The Secretary of the Department of Health has begun Federal Court proceedings against Peptide Clinics Pty Ltd, trading as Peptide Clinics Australia, alleging breaches of the Therapeutic Goods Act 1989 (the Act) and the Therapeutic Goods Advertising Code 2015 (the Advertising Code). This legal action follows an investigation by the Therapeutic Goods Administration. Peptide Clinics Australia is alleged to have advertised compounded prescription only therapeutic goods, including 'peptides', on its website and other social media platforms, accessible to both registered customers and the public. It included references to serious forms of diseases, and to conditions such as anxiety and depression.    Source: Peptide Clinics busted

TGA Safety Advisories—   Source:

THAN YOU tablets: the tablets contain the undeclared substance sibutramine.

NZ Therapeutic Products Regulatory Scheme Consultation

New Zealand’s Ministry of Health is seeking feedback on the draft Therapeutic Products Bill. The Therapeutic Products Bill would replace the Medicines Act 1981 and establish a new regulatory scheme for therapeutic products. Please note that Natural Health Products (including rongoā Māori) will be excluded, as far as possible, as the Government is considering options for how these could be regulated as a separate process.   Source:  NZ Therapeutic products bill

AHPA Issues Status Report on Hemp and CBD After USA Farm Bill Passage

The American Herbal Products Association has produced a Status Report after working with legal and industry experts to develop a new, free resource titled Status Report: Marketing of hemp and cannabidiol (CBD) products in the United States, following passage of the 2018 Farm Bill. This document provides concise and up-to-date information on the status of such operations and products as soon as this legislation is adopted as federal law. Because of the herbal product industry’s broad interest in the impact of this legislation on hemp and CBD, AHPA is distributing this information before the bill has been signed into law. The 2018 Farm Bill has been passed by the Senate and House, but still needs to be signed into law by the President. AHPA is not aware of any indications that successful and timely completion of this is in doubt.   Source: 2018 Farm Bill passage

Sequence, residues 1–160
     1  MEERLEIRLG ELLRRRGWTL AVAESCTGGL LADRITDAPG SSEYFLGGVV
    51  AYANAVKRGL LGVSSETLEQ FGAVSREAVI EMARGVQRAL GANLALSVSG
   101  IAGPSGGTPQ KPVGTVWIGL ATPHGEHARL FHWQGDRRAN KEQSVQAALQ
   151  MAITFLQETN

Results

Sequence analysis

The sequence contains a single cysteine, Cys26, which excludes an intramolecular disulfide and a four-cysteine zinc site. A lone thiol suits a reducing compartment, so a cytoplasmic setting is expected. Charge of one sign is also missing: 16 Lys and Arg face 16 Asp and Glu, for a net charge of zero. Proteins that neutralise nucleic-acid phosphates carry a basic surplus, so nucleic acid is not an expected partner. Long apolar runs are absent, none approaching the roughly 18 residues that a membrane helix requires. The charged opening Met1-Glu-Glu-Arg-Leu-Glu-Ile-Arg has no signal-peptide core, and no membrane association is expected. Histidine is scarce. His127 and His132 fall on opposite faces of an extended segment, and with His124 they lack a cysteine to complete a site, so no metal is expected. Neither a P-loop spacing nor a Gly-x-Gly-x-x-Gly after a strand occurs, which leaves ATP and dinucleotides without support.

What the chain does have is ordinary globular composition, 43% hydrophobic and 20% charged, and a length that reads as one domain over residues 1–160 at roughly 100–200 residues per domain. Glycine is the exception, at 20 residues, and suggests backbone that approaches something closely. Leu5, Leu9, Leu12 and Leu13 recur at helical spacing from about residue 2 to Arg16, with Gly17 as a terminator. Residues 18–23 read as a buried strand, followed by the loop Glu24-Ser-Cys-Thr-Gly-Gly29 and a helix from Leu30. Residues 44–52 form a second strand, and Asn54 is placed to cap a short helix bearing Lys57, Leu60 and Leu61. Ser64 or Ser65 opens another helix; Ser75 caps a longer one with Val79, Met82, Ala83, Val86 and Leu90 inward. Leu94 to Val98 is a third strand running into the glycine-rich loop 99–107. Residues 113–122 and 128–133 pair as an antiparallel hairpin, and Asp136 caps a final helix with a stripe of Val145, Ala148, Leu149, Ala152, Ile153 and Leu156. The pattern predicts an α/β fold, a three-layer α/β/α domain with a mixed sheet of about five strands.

Are All Foods That Contain “Traces” of Allergens Now Considered Unsafe?

(This article by Charles Fisher details and analyses an actual case study where FoodLegal represented a food manufacturer against enforcement action by the Victorian Department of Health. Names and dates have been removed to protect client confidentiality. Should the position taken in this instance become nationwide policy, it would trigger sweeping changes across the food industry in allergen management and labelling in Australia). Briefly, an Australian company marketed a product with the warning that it may contain traces of a specific allergen. After a reported health incident the same product was shown to contain 0.06% of the allergen and the Victorian Department of Health ruled that the label should have stated that the allergen was ‘present’ in the product, rather than ‘may contain traces’. The product was declared ‘unsafe’ and had to undergo a public recall.   Source: Food Legal A trace of allergen

Australian Bio-Security Finds Spicy Rabbit Heads Destined for Human Consumption